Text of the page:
I don't understand how something so small can produce the "room filling sound" it claims to... but it really does. You can read all about the tech involved on the Apple website. I've even had people who work at Apple explain it to me. Yet, it still defies what I understand about speakers and audio and maybe even the way the world works altogether. I can get into the neodymium magnet that runs the driver, or Apple's S5 chip that controls the whole thing but who cares? You can look up all that stuff on the website. Take it from me, this speaker sounds... well... unbelievable.
You know that favourite song of mine? "Baby Plays Around?" Scintillating. Exactly as warm and pure and clean as I wanted. Kanye's "Power" has a lot more going on; gang backing vocals, rock guitar riff, driving drum samples - the power is all there.
I like to give "Boom Boom Pow" by the Black Eyed Peas a run, just to see how thumping the bass response is and this is where things get really interesting. To be sure, there's only so much boom the HomePod mini's passive radiators can pow - remember; this thing is less than 10cm across. But there's no distortion at all - not even at 100%. By the way - that's how you need to tell Siri where you want the volume at; in percentages. This took me a minute to get used to - other speakers respond to a number on a scale of one to ten - not Siri. Not really a major, just a small quirk.
Which brings me to my other big point of difference; Siri is a better listener.
I get the feeling when it comes to virtual assistants, people generally don't rate Siri as highly as some of the others and I think I know why. It's both Apple's greatest strength and its greatest weakness; the infamous ecosystem.
What I haven't mentioned specifically yet is you will, of course, need another Apple device to set up the HomePod mini and an Apple ID to run it. And although you can use other streaming services to play your music and podcasts via AirPlay, everything works a lot better with an Apple Music subscription.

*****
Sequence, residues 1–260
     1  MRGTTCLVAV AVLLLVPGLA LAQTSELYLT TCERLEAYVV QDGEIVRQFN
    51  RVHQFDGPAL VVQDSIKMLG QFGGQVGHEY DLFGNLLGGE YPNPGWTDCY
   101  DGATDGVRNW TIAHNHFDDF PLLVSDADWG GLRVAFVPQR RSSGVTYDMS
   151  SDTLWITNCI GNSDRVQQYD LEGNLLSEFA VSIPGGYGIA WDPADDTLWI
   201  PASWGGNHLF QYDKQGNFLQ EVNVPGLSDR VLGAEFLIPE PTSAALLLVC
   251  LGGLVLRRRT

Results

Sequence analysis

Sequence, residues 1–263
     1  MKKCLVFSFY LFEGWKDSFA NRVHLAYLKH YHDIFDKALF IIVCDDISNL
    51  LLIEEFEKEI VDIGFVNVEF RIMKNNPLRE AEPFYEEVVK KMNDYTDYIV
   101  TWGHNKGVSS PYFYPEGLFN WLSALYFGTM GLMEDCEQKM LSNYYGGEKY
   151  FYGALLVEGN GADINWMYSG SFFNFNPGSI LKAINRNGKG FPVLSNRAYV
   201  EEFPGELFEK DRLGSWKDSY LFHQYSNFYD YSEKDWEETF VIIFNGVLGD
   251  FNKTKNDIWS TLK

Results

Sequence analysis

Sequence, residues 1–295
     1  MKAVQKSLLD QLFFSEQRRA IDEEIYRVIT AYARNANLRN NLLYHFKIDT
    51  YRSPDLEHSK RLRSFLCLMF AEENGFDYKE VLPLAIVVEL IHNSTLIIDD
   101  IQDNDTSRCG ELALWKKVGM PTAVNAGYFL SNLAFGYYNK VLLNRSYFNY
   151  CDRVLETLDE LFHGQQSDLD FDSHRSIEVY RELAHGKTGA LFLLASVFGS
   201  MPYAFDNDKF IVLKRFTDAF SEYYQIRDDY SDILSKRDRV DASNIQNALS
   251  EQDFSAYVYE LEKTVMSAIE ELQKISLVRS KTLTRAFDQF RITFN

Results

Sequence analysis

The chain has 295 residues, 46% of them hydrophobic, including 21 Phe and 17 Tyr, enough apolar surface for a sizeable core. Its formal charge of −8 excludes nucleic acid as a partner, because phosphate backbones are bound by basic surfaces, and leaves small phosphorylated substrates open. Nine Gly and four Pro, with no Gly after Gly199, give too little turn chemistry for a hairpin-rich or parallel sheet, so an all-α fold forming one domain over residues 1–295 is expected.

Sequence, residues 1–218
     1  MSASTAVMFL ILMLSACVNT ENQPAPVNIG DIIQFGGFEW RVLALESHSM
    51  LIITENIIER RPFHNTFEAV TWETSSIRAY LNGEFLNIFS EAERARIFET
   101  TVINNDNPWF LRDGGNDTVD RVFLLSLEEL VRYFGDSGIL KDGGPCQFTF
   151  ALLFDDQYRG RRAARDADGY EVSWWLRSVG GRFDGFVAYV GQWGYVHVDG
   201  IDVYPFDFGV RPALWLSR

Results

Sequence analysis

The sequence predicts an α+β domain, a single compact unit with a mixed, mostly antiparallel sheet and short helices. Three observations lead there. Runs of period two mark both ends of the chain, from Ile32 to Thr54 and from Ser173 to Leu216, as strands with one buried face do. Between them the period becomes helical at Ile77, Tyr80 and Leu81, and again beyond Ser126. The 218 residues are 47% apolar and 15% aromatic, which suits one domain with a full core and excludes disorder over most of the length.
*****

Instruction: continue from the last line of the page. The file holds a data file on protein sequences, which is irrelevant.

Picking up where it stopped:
This also applies to things like voice recognition and the choices Siri the AI makes on your behalf. For example, you can simply ask Siri to, "Play something I'd like..." This is exactly the kind of intuitive behaviour we've always wanted from our virtual assistants - don't play the same stuff I always ask for, play something a bit like it instead. My favourite command? "Hey Siri... never play this song again." Come on - if that isn't enough reason to sign up for Apple Music, I don't know what is.
It's exactly these kind of "human-like" requests Siri seems to be able to carry out when the others either can't or won't.
What's more, the four internal mics do an incredible job of listening out for the "Hey Siri" command - again, better than any other speaker I've used. Siri rarely misses my requests, even when the volume is way up. (In the high percentages) Again, I'd go as far to rate Siri as the most responsive assistant I've used.
But as I say, voice recognition seems to be frustratingly limited to those in the house with an Apple ID. You can add up to six different users in your household. This means the HomePod mini will recognise each individual and will tailor its responses accordingly. After all, not everyone wants to dive down a Billie Eilish rabbit hole when they ask for, "Something I'd like."
On the other hand, the Domestic Manager (not an iPhone user) can't seem to get Siri to take any notice of her at all. Stop laughing. It's not funny. It's absolutely not funny.
In fact, it's so not funny, I've had to conceal my HomePod minis completely - something that's insanely easy to do given they take up virtually no space and the attractive, braided USB-C cable plugs into a compact 20W wall charger. (Yes, it's supplied in the box) Best of all, because of their incredible 360-degree performance, the HomePod minis still manage to provide the warm, room-filling ambience I'm looking for, even though one's up on top of the drinks cabinet and the other one is tucked away behind the telly.
Perhaps most remarkably of all, you can pick up a HomePod mini for just $159NZD - great buying for a device of this quality... if you're an Apple user. If not... have you thought about becoming one?